By Virginia Harrison, MarketWatch
SYDNEY (MarketWatch) — Japan is on track for an early victory at the London Olympics, as photographers rush to buy top-end cameras, expected to give battered Japanese electronics firms a much-needed boost.
Nomura strategist Tetsuya Wadaki says demand for single reflex lens (SLR) devices will jump as global news-media professionals, among others, upgrade in time for the London games.
“The first half of 2012 is likely to be a season of strong sales of high-end SLR kit used by media photographers in the lead up to the London Olympics,” Wadaki wrote in a research report.
Nikon Corp. (TKS:JP:7731) (OTC:NINOY) and Canon Inc. (TKS:JP:7751) (NYS:CAJ) are the dominant SLR players. Louis Capital Markets’ head of Japanese equities Ben Collett said SLR devices have driven these stocks in the past, and the Games could lift sales.
“It’s a similar theme to the World Cup driving demand for 3D televisions, but this is definitely more sound, given the unit cost,” Collett said.
It would come as some relief for the export-focused industry, which has been saddled by a soaring yen and slowing global economy, while some struggle for supplies after massive floods hit manufacturing plants in Thailand.
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Data released from the Camera & Imaging Products Association this month revealed a sharp drop in digital-camera shipments during November 2011, compared to a year earlier.
Global shipment volumes plunged, with falls particularly steep in Europe and the Americas. Japanese digital camera exports dropped 36%.
“The digital-camera market has been starved of supplies owing to flood damage at plants in Thailand belonging to Nikon, Sony [Corp. (TKS:JP:6758) (NYS:SNE) ] and shutter manufacturers,” Nomura’s Wadaki said.
“The 2011 Christmas shopping season ended on a sour note for Nikon, Canon, and Sony,” he said.
But a stream of new devices expected to come to market this year may tempt some consumers .
“It’s [largely] about consumer discretionary demand with these kinds of products, and the life cycle,” Louis Capital’s Ben Collett said. “Canon and Nikon have been pretty good at updating their whole product range.”
Canon plans to launch two high-end cameras in March, according to Nomura’s Wadaki, while Nikon is also focused on product development “in time for this shopping season.”
In the compact camera market, Panasonic Corp. (TKS:JP:6752) , Sony and Olympus Corp. (TKS:JP:7733) (OTC:OCPNY) are among the leading names vying for market share.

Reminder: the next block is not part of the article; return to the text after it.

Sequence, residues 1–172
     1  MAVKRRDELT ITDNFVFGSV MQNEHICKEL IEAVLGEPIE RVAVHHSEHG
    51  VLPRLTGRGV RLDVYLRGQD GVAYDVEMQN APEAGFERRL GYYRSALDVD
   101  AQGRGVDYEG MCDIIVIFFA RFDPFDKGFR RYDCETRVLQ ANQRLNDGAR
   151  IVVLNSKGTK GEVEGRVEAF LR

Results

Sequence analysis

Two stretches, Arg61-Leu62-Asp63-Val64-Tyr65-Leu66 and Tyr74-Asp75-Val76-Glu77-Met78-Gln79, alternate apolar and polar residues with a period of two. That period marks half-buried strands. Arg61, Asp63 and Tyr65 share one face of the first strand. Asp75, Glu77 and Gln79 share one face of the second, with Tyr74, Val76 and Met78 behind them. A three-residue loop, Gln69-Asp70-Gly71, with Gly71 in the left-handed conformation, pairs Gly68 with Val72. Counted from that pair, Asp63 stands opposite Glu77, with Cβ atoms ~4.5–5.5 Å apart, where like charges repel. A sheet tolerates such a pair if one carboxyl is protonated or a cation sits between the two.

Nomura’s Wadaki said that Panasonic has “won plaudits for its designs and has also been successful in making its cameras smaller,” while Sony seeks to differentiate on image quality.
Ricoh Co. (TKS:JP:7752) (OTC:RICOY) and Nikon, meantime, “have been struggling with their products” in the compact market.
“Despite Nikon’s brand clout, it has not been able to make its products a hit in Japan, but while it does not rank in the top three of manufacturers in this category, it appears to have made gradual market-share gains,” Wadaki said.
But CLSA strategist Christian Dinwoodie points to strong demand signals across Asia for the camera sector.
“Rising wealth levels, increased travel, conspicuous consumption and social-networking picture-and-video sharing are driving digital SLR demand in Asia ex-Japan,” Dinwoodie wrote in a research report.
He identifies Nikon, Canon and Tamron Co. (TKS:JP:7740) as the major beneficiaries of growing interest in photography.
Dinwoodie expects the interchangeable-lens camera market to grow 30% in 2012, driven by “emerging-market demand growth, as well as entry level digital SLR … enticing former compact-camera users to trade up.”
The sector is looking for a brighter year than the last.
Shares in Canon lost 19% in 2011 and Ricoh plunged 44%, while Nikon managed a 4% gain a Tamron added 10%.
Other leading electronics firms with camera exposure fared worse in 2011: Casio Computer Co. (TKS:JP:6952) (OTC:CSIOY) lost 29%, Panasonic slumped 43%, and Sony tumbled 53%.
Meanwhile, Olympus has been dominating headlines after the firm admitted to covering up massive investment losses. The scandal sent shares in a tailspin, losing nearly 60% of their value last year.
Olympus has filed lawsuits against 19 current and former executives, reports Tuesday said, seeking billions of yen in compensation as the fallout from the scandal continues to deepen. See report on Olympus lawsuits.